The Absurdity of Life

I have been ruminating lately on the absurdity of life. One of my favorite stories, which best epitomizes the absurdity of life (to me at least) is a fairy tale first published by the Brothers Grimm in 1812. Doctor Know-It-All tells the story of how a struggling woodcutter becomes a well-respected doctor. He sells his wood cart and oxen, uses the proceeds to buy new clothes, medical supplies, and an ABC book with a picture of a rooster inside and then goes on to solve the mystery of a theft from a rich and powerful man. His reputation made, he lives the rest of his life in luxury.

I’m not sure what to think of this story. Is the story of Dr. Know-It-All is really a folk tale version of “Fake It Until You Make It?” Does it have a spiritual message? Or does the woodcutter (named Crabbe in some versions of the tale, Fish in others) succeed because he’s lucky or smart? Or both?

And I couldn’t be the only one who finds it preposterous that Doctor Know It All owed his success, at least partially, to his frustration when he couldn’t find the rooster’s picture in the ABC book as quickly as he wanted? I don’t have the answer; I just enjoy the story.

I first read the story years ago in a wonderful book called Tales From Grimm, reinterpreted and illustrated by Wanda Gág, and first published in 1936. It remains my favorite version of this tale. I am not sure how I came to own my tattered copy of Tales From Grimm. I think I borrowed it from my grade school library and never bothered to return it. No matter. They tore the school down years ago.

At any rate, Wanda Gág was a groundbreaking illustrator and author of children’s literature, as well as a printmaker and entrepreneur. You can read about her career and see examples of her work here. Gág’s career is also covered in part 25 of the YouTube Unsung Heroes of Illustration series of videos by Pete Beard that I mentioned in a prior blog post. You can go directly to that video here. You can purchase a copy of Tales From Grimm here, or borrow it from the Internet Archive Open Library, here. And if you are ever in Gág’s birthplace of New Ulm Minnesota, you can visit a museum dedicated to her life and work here.

Some Art History Worth Watching on YouTube

I admit that I am brain dead right now and that I am not up to a detailed blog post. I am in the process of going through and organizing for sale or donation possessions that I have stored in my house for years, including camera equipment, musical instruments, depression glass, artwork and other items that I have squirreled away in my 916 square foot abode. The process has taken me on a trip down memory lane, which is sometimes difficult to navigate.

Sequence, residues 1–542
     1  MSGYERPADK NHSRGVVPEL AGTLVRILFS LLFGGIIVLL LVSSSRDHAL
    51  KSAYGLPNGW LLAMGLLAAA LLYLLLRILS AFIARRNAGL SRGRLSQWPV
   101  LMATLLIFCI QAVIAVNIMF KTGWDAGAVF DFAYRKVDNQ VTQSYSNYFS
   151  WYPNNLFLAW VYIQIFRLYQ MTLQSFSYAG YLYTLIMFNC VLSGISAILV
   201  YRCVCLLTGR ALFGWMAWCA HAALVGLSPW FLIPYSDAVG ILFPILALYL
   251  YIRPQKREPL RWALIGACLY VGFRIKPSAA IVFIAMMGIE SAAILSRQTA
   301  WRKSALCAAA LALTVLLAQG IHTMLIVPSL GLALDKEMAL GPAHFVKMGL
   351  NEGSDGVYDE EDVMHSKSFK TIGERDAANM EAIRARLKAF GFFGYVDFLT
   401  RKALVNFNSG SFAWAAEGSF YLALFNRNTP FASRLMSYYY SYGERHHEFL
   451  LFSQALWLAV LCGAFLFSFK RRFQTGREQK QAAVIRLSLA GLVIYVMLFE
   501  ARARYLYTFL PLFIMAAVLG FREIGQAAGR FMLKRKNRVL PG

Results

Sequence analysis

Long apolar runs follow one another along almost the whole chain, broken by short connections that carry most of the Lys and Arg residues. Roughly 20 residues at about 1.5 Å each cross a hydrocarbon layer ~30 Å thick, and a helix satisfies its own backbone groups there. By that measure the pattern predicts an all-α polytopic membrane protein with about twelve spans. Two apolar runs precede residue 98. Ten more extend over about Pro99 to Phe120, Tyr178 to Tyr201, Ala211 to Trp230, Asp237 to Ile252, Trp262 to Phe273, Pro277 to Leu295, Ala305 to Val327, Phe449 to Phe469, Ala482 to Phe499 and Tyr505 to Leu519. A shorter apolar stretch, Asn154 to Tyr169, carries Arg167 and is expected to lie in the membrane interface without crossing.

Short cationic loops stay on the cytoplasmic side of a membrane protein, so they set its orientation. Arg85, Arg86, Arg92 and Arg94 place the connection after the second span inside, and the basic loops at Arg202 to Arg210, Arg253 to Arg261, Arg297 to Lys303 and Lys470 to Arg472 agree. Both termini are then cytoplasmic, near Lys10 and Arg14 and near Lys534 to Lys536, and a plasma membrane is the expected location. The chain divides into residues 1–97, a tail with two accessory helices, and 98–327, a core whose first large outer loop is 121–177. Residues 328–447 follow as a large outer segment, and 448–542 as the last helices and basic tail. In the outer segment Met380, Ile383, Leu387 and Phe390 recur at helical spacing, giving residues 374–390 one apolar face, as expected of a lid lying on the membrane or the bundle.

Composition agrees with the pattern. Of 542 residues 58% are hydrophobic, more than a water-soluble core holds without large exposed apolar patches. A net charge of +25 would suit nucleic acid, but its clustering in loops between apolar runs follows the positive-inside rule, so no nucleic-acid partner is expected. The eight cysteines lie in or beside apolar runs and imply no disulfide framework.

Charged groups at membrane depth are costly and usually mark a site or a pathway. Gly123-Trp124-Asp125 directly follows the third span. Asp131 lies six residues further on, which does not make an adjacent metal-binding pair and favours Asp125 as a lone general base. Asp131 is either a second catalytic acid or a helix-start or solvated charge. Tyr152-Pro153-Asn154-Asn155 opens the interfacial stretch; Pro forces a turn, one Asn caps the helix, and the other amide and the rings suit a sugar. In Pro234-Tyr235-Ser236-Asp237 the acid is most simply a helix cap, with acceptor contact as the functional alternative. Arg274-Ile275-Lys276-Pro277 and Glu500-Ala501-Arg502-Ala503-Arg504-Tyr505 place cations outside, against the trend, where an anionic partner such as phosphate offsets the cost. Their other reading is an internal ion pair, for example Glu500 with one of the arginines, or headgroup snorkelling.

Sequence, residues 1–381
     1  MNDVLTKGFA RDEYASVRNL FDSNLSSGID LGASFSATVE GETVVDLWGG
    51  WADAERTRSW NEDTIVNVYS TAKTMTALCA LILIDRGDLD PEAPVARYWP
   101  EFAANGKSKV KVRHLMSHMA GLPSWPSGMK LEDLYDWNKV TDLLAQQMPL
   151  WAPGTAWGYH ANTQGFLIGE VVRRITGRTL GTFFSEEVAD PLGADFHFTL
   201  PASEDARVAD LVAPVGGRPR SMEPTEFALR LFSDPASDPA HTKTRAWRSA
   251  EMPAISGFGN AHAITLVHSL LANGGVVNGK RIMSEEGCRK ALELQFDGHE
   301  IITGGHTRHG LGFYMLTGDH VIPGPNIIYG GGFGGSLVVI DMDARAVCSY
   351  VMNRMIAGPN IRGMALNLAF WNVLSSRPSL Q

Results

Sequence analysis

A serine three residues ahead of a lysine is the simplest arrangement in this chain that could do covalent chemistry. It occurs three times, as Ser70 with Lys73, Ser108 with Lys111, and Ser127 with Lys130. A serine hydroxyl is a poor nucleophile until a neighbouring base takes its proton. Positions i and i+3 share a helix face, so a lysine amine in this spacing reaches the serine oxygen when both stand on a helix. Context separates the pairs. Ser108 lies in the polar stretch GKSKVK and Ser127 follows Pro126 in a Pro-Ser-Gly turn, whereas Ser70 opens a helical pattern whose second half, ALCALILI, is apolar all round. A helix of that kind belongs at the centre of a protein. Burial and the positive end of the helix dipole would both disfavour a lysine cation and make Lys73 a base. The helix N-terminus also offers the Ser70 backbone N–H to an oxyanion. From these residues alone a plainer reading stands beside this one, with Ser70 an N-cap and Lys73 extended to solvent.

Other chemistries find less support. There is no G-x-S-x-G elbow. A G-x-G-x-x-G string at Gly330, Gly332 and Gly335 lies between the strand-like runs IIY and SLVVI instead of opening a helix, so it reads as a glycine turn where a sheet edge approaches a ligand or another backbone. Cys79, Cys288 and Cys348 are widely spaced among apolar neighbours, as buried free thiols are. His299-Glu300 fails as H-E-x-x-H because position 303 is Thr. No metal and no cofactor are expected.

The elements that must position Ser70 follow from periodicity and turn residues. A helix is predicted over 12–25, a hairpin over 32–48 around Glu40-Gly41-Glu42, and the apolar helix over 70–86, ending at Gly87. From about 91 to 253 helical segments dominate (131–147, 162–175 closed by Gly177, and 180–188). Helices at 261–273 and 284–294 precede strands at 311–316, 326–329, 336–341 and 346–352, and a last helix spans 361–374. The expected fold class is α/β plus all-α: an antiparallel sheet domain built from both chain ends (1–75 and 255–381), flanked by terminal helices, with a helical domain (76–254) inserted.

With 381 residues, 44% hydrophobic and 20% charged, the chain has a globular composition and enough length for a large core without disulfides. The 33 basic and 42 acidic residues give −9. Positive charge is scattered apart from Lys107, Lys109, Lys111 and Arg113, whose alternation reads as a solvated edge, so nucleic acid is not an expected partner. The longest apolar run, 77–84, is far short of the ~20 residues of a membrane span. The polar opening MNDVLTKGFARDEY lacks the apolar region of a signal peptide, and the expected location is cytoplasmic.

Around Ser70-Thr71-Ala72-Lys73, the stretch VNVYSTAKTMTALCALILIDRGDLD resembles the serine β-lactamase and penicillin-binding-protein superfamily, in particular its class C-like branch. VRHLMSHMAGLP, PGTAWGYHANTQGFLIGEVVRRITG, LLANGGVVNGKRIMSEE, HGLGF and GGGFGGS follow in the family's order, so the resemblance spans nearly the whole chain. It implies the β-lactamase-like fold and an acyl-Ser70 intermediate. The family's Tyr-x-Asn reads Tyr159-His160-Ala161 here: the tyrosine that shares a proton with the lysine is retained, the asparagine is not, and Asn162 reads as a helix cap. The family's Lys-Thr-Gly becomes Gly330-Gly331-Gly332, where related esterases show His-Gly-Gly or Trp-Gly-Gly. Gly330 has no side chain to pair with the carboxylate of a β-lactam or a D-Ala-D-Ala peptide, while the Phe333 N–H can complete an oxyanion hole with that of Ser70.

One of the ways I’ve taken to relaxing lately is to pour myself a glass of wine after my husband goes to bed, and sit with Boris and watch YouTube. There’s a lot of junk on YouTube but there’s so much valuable and entertaining information, I can hardly believe it’s free. I have some recommendations.

The first is a documentary on M.C. Escher from 2013. One of the big revelations for me in watching this documentary is that Escher was greatly influenced by Islamic art and visited the Alhambra where he did a lot of drawing. It makes perfect sense when you think about it. Read more about Escher’s experience at the Alhambra, here. And then watch the wonderful documentary.

But wait! Just like the Ginsu knives, there’s more! I’ve always loved to draw and I’ve struggled with drawing in one form or another for years. Just ask Boris. So I have a great deal of admiration for illustrators. Pete Beard, who is an illustrator from the U.K., turns out to be quite a filmmaker too. He’s put together a video series called “The Unsung Heroes of Illustration.” Each video is about 12 minutes long give or take, meticulously researched, engagingly narrated, and lavishly illustrated. I believe there are about 84 short films.

On the YouTube site, Beard says, “I had always thought that many illustrators from the past got nothing like the attention they deserved so I decided to make some videos about a few of these almost forgotten talents. The unsung heroes series was originally intended to be about illustrators from what’s known as the golden age of illustration. But I soon realised that meant ignoring many early 20th century illustrators who strictly speaking didn’t fit that description. So I compromised and ended up with parameters of those born between 1850 and 1910.”

Beard has a number of other worthwhile videos on his channel that you can watch after you’ve finished with the The Unsung Heroes of Illustration.